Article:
Date of Award


Degree Type


Degree Name

Master of Public Health (MPH)


Public Health

First Advisor

Dr. Ike Oksoun

Second Advisor

Dr. Rodney Lyn



The Implications of Chronic Stress on Obesity: Allostatic Load on Body Mass Index (BMI) Classification in the United States, NHANES 2005-2006

INTRODUCTION: In this modern environment, our world is reflecting an exponential increase in not only population, but in body size. Obesity is an overwhelming public health concern among the United States population. Research has shown there is a positive correlation between adiposity and stress. Allostatic load (AL) has been presented to be a consistent measure of chronic stress damage on the body. Yet, there is few studies exemplifying the presence AL on classification of body mass index (BMI).

AIM: The aim of this study is to find a relationship between allostatic load (AL) and body mass index (BMI) classification in the United States adult population on a large national scale. This complex interaction can predetermine who among the US population will be at greater risk for excess adiposity following this psychoneuroendocrinology.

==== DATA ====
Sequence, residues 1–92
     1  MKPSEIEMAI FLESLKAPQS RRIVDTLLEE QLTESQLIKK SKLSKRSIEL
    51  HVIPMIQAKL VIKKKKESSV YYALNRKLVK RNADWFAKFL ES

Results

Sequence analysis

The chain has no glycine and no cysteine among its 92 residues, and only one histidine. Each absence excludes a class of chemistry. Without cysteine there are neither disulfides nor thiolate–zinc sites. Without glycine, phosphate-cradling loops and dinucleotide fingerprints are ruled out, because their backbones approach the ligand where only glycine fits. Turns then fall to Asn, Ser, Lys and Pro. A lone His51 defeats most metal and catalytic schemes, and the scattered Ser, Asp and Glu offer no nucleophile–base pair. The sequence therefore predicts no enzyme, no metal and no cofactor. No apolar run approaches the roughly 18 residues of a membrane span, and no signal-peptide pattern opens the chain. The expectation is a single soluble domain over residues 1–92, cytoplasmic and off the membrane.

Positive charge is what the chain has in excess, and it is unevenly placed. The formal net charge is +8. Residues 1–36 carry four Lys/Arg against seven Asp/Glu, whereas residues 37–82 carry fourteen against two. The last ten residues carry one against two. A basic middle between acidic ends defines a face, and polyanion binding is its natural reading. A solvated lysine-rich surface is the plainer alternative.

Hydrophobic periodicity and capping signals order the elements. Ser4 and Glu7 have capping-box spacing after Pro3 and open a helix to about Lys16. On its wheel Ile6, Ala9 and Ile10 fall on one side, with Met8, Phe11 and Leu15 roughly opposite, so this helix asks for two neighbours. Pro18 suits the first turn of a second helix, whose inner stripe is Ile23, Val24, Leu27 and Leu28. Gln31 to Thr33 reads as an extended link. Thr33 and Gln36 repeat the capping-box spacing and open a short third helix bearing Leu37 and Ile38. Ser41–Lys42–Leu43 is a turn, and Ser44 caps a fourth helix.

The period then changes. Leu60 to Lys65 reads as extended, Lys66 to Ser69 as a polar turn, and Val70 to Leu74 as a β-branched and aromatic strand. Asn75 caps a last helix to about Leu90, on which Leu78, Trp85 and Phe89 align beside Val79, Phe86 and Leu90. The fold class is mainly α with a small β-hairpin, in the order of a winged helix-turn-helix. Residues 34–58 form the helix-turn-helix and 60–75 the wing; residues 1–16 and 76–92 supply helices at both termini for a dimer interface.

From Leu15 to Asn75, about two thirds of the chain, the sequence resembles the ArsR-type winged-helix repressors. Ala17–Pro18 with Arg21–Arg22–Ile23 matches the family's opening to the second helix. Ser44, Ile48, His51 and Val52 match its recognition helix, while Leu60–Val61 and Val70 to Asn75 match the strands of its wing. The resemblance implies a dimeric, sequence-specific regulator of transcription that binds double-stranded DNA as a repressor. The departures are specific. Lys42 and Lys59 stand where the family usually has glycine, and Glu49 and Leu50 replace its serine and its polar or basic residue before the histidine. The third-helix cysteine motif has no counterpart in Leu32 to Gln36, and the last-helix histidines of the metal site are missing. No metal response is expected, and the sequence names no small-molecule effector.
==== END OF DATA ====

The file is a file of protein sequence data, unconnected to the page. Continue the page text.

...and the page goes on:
METHODS: A representative sample size of n=3826 was gathered using NHANES data (2005-2006). Criteria for sample included all United States adults that had numerical values for 10 biomarkers chosen to represent chronic stress damage (allostatic load) along with individual body mass index (BMI). Allostatic load (low, high) and BMI classification (underweight to class III obese) were further categorized on severity and computed in SPSS to find significance between gradients of each variable (α=.05). Cross-sectional analysis and logistical regression (multivariate) were used to further decipher an association between allostatic load and BMI category.

RESULTS: A strong positive correlation between allostatic load risk and BMI category was found (p<.001). Also among the variables in the study, significance was found within the strata of age, gender, race, smoking status and poverty income ratio (PIR). Findings show a strong statistically significant relationship between allostatic load and BMI.

DISCUSSION: It is imperative to decipher the directional relationship between stress and obesity to provide effective treatment. Understanding the pathology of how stress affects adiposity could open the door for many clinical and public health interventions to eradicate a very preventable outcome. By addressing the effect of chronic stress, a new avenue of prevention can be developed to combat the growing obesity rates in the United States.

Available for download on Wednesday, June 14, 2017